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Cycles of Life: The Four Seasons Tapestries | by Cleveland Museum of Art | CMA Thinker

Robin Hanson, Conservator of Textiles and Sarah Scaturro, Eric and Jane Nord Chief Conservator

Figure 1: A few of the four seasons tapestries on display in the Arlene M. and Arthur S. Holden Textile Gallery (gallery 234)

For the exhibition Cycles of Lifetime: The 4 Seasons Tapestries, the CMA’s Textile Conservator Robin Hanson and Main Conservator Sarah Scaturro took on dual roles — that of exhibition curators as perfectly as conservators. This established of four tapestries, woven in Paris in the mid-to late 1700s, is primarily based on Flemish types from 100 yrs before. Woven of silk, wool, and steel threads, the tapestries variety in size from eight-and-a-half-ft sq. to 8 by just about 13 feet.

This venture commenced 15 decades in the past when Robin participated in a three-working day study of 36 tapestries in Cleveland’s selection together with Belgian tapestry professional Yvan Maes De Wit. The intention of this study was to rank the tapestries in the selection by top quality, and then to determine the amount of conservation procedure needed to make them completely ready for exhibition. Primarily based on that survey, the Four Seasons Tapestries ended up picked as the maximum precedence for treatment method. Two Learn of Artwork candidates in the joint CMA/CWRU Art Record and Museum Reports undertook artwork historic investigate on the tapestries. Their study served to additional ensure this set’s relevance and present facts that is now readily available to the community by means of our Assortment On-line platform.

Once funding was secured to deal with them, these four tapestries, along with four other folks in the assortment, had been sent to Mechelen, Belgium, in Might 2018 for treatment method at Royal Suppliers De Wit all eight returned to Cleveland in September 2019 when cure was full. Though the CMA has a textile conservation lab on-web page, dealing with tapestries necessitates a big room, specialized equipment, and a team of textile conservators skilled in tapestry conservation to undertake the cure. Managing the tapestries in Cleveland’s textile lab would not have been feasible. Cleveland’s partnership with De Wit extends again to the late 1990s, when the established of eight Dido and Aeneas tapestries on display in the Armor Court (fig. 2) was despatched to Mechelen for procedure. Because then, 20 tapestries in Cleveland’s selection have now been dealt with by De Wit.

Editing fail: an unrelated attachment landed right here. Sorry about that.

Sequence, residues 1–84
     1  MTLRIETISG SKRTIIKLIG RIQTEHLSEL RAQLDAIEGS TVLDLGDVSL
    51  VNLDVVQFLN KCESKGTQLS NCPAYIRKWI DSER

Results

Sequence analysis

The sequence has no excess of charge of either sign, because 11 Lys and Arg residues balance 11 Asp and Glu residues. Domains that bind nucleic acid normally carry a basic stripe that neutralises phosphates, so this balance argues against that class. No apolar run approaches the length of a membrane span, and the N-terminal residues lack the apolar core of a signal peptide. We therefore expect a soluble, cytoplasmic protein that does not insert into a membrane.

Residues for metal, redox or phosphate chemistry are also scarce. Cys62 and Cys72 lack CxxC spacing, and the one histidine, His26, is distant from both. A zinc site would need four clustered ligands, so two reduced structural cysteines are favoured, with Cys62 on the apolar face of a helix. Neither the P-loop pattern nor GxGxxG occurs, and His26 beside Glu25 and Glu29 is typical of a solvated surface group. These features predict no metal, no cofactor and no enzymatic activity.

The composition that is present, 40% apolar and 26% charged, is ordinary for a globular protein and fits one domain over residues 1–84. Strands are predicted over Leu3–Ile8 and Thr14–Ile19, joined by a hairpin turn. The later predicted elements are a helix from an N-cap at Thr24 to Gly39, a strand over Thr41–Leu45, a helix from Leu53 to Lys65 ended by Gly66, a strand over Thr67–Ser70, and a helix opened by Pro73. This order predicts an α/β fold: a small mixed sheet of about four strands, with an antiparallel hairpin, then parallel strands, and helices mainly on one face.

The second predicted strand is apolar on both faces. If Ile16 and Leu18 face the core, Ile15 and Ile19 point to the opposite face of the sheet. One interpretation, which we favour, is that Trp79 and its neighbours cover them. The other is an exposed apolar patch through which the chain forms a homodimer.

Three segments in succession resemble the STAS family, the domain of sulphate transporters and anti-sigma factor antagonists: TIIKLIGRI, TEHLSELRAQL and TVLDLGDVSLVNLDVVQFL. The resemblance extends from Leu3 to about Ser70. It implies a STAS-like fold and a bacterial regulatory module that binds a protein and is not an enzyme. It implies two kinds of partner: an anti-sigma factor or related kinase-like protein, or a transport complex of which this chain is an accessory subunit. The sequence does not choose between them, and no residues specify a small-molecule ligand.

Determine 2: Dido and Aeneas tapestries on display screen in the Armor Court

De Wit uses a two-step stitching approach. Very first, weak regions are stabilized to fortify the tapestry by placing patches of cotton or linen guiding regions of loss. Exposed warps are stitched to the patch working with a matching thread. Often the patches are smaller, but occasionally they could possibly cover big sections if an space is specifically broken. Then arrives restoration — which is the addition of new components to visually entire an place. New thread is stitched on prime of the patches to full the photo. When viewed from afar, the repairs are harmonious and almost indiscernible, but if considered up shut, the new stitches are visually various, enabling viewers to differentiate original elements of the tapestry from restorations. You see below the procedure: on the remaining is the destroyed space, in the center the loss has been stabilized, and on the appropriate you see the restored region (figs. 3a–c).

Determine 3a: In advance of treatment method. Determine 3b: For the duration of treatment. Figure 3c: Immediately after remedy.

In addition to conservation treatment by itself, conservators undertake penned and photographic documentation of objects remaining taken care of, equally ahead of treatment method commences, during remedy, and after remedy is full. They also undertake specialized examination to better fully grasp the objects they are managing. The wool and silk threads were being identified using a polarized gentle microscope. Dye analysis was done in collaboration with the conservation researchers at the Indianapolis Museum of Art at Newfields. Scientists identified pure dyes sourced from the two crops and insects that are indicative of components in use in the course of the time the tapestries have been designed. Similarly, the metallic threads ended up analyzed at the Swagelok Centre for Surface Examination of Elements, located inside the School of Engineering at Case Western Reserve University. Scanning Electron Microscopy with Power Dispersive X-ray Spectroscopy (SEM-EDS) detected a silver and gold alloy with trace amounts of copper in the metallic strips wrapped close to a silk core, which is a standard building for metal threads in the 1700s (figs. 4b and 4c).These collaborations lengthen Cleveland’s abilities in the realm of scientific evaluation, and in the long run benefit all the institutions involved by means of the sharing of awareness.

Figure 4a: Photomicrograph at 40x magnification displaying the flat steel strip wound all around a yellow silk core. Figure 4b: Backscatter Electron (BSE) depth at 1000x of the metal area. Figure 4c: BSE impression at 350x magnification from SEM-EDS.